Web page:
Tuesday, June 22, 2021

A puzzle, sometimes deadly

Sadly, I found Rosa Brooks' book about her experience training to become, and serving as, a volunteer D.C. police officer, well, simply tangled. The book is a melange of themes that never quite come together.

There's the story of Brooks, an accomplished law professor, a social analyst, and a security policy advocate, trying to come to terms with her lefty mother (the writer Barbara Ehrenreich).
From the beginning, it was my mother's likely reaction that worried me most. I had always struggled with her expectations: I wanted to please her and make her proud, but at the same time I didn't want her choices and commitments to dictate my own.
Come on. Brooks is a successful, white, middle class, middle-aged mother of almost teenagers, not some lost 20-something. This is TMI and it doesn't advance the story, unless I assume that the mother is the actual audience for the project.

Not surprisingly, Brooks stint as a cop enables her to testify to the humanity and basic decency of many, even most, individuals who do the job. She recites the catechism of sympathetic liberal journalism:
Police officers have an impossible job: we expect them to be warriors, disciplinarians, protectors, mediators, social workers, educators, medics and mentors all at once, and we blame them for enforcing laws they didn't make in a social context they have little power to alter. The abuses and systemic problems that plague policing are very real, and readers will see them reflected in these pages, particularly in the flashes of cynicism and casual contempt I sometimes saw in officers with whom I worked. But the compassion, courage, and creativity I saw are real too.
So what did I get from this book? Various, somewhat disconnected, tidbits about policing.

There's the training which sets the stage, but probably doesn't much prepare beginning officers for their job.

They learn first and foremost that: "Anyone can kill you at any time." Officer "safety videos" drum in the scary message that some cops do fail to come home. Further, they imply that if you get hurt while doing your job, it's probably because you weren't tough and prepared enough to do battle with the bad guys. No wonder too many cops treat the communities they police as war zones. Nobody is reminding the budding recruits that for all the hype, police work isn't among the top 10 most dangerous jobs in this country.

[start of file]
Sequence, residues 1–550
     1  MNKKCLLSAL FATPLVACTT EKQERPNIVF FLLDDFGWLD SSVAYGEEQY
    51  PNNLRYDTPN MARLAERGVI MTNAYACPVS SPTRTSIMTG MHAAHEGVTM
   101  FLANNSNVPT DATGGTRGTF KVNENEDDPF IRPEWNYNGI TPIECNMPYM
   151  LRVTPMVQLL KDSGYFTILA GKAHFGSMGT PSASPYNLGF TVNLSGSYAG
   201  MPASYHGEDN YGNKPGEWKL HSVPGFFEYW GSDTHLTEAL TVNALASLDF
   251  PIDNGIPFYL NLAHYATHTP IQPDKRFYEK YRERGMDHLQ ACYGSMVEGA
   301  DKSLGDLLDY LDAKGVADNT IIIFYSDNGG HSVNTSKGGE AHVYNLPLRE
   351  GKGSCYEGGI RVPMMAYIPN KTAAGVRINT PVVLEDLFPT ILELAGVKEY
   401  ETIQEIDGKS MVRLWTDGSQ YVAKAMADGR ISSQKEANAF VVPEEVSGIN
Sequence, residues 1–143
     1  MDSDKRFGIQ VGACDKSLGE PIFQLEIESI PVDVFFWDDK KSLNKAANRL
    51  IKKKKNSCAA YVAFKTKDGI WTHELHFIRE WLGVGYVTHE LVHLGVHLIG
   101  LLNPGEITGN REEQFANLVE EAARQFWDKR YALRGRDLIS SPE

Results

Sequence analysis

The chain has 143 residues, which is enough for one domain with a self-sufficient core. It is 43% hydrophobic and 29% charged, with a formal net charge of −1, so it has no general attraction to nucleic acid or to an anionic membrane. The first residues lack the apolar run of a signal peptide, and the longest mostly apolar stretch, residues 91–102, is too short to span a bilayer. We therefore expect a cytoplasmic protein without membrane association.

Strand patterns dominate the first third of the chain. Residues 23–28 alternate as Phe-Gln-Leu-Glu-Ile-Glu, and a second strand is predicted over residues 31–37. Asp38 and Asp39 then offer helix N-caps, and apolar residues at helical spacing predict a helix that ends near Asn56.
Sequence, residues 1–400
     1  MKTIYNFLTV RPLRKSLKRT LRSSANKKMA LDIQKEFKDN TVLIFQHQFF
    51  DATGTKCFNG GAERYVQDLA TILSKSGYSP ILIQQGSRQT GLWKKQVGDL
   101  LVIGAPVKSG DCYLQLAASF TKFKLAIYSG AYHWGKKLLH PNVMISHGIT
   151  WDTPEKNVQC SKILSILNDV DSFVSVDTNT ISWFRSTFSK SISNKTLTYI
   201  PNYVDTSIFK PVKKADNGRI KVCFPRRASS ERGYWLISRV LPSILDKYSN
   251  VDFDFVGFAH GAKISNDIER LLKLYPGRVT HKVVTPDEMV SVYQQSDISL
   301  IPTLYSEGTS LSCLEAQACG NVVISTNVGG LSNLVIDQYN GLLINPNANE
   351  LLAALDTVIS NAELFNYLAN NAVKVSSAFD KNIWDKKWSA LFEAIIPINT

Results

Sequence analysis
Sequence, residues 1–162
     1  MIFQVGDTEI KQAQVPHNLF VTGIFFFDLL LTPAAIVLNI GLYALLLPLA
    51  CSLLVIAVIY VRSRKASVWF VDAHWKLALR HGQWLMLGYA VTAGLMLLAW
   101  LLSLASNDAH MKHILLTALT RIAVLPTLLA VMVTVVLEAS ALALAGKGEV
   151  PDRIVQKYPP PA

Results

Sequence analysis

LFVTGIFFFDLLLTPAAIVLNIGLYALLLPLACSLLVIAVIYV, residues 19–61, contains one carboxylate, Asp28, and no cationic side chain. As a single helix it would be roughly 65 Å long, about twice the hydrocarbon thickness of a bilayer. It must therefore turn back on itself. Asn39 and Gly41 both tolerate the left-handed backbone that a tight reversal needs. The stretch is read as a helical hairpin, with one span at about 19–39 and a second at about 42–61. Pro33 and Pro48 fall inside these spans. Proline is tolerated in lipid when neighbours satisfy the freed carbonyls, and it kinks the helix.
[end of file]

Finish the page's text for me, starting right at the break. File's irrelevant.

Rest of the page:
They have an ethics lesson:
The instructor summed it up: "Basically, don't do shit that will look bad on the news. Because if you do, you are roadkill." 
Everyone laughed. 
"No," he said, "I'm not kidding. You do something stupid, do not think for one moment that the department is going to stand by you. You make the department look bad, you will be hung out to dry."
They learn -- or at least encounter -- the hundreds of laws, policies, and concomitant paper work that make up the life of a cop. Cops operate within a thicket of sometimes conflicting injunctions that are probably beyond the capacity of any individual to decipher. I'll give Brooks kudos for describing the morass well.

Despite having been issued a misaligned weapon, Brooks passed firearms training with difficulty. She comments:
Later, on patrol, I found I hardly ever thought about the gun in my holster. It might as well not have been there. To the extent that I thought about it, it was mostly because it was sometimes in my way, pinching my skin or banging into my elbow. Sometimes, when I was tired, I used it as an armrest.
But she does report one incident when she did draw her gun, following her defensive training when entering a dark apartment. If she and her partner had done what they had been taught to do, and what police culture supports, they might have shot and killed a naked unarmed teenager they found there -- but they overcame their training and defused a mistake.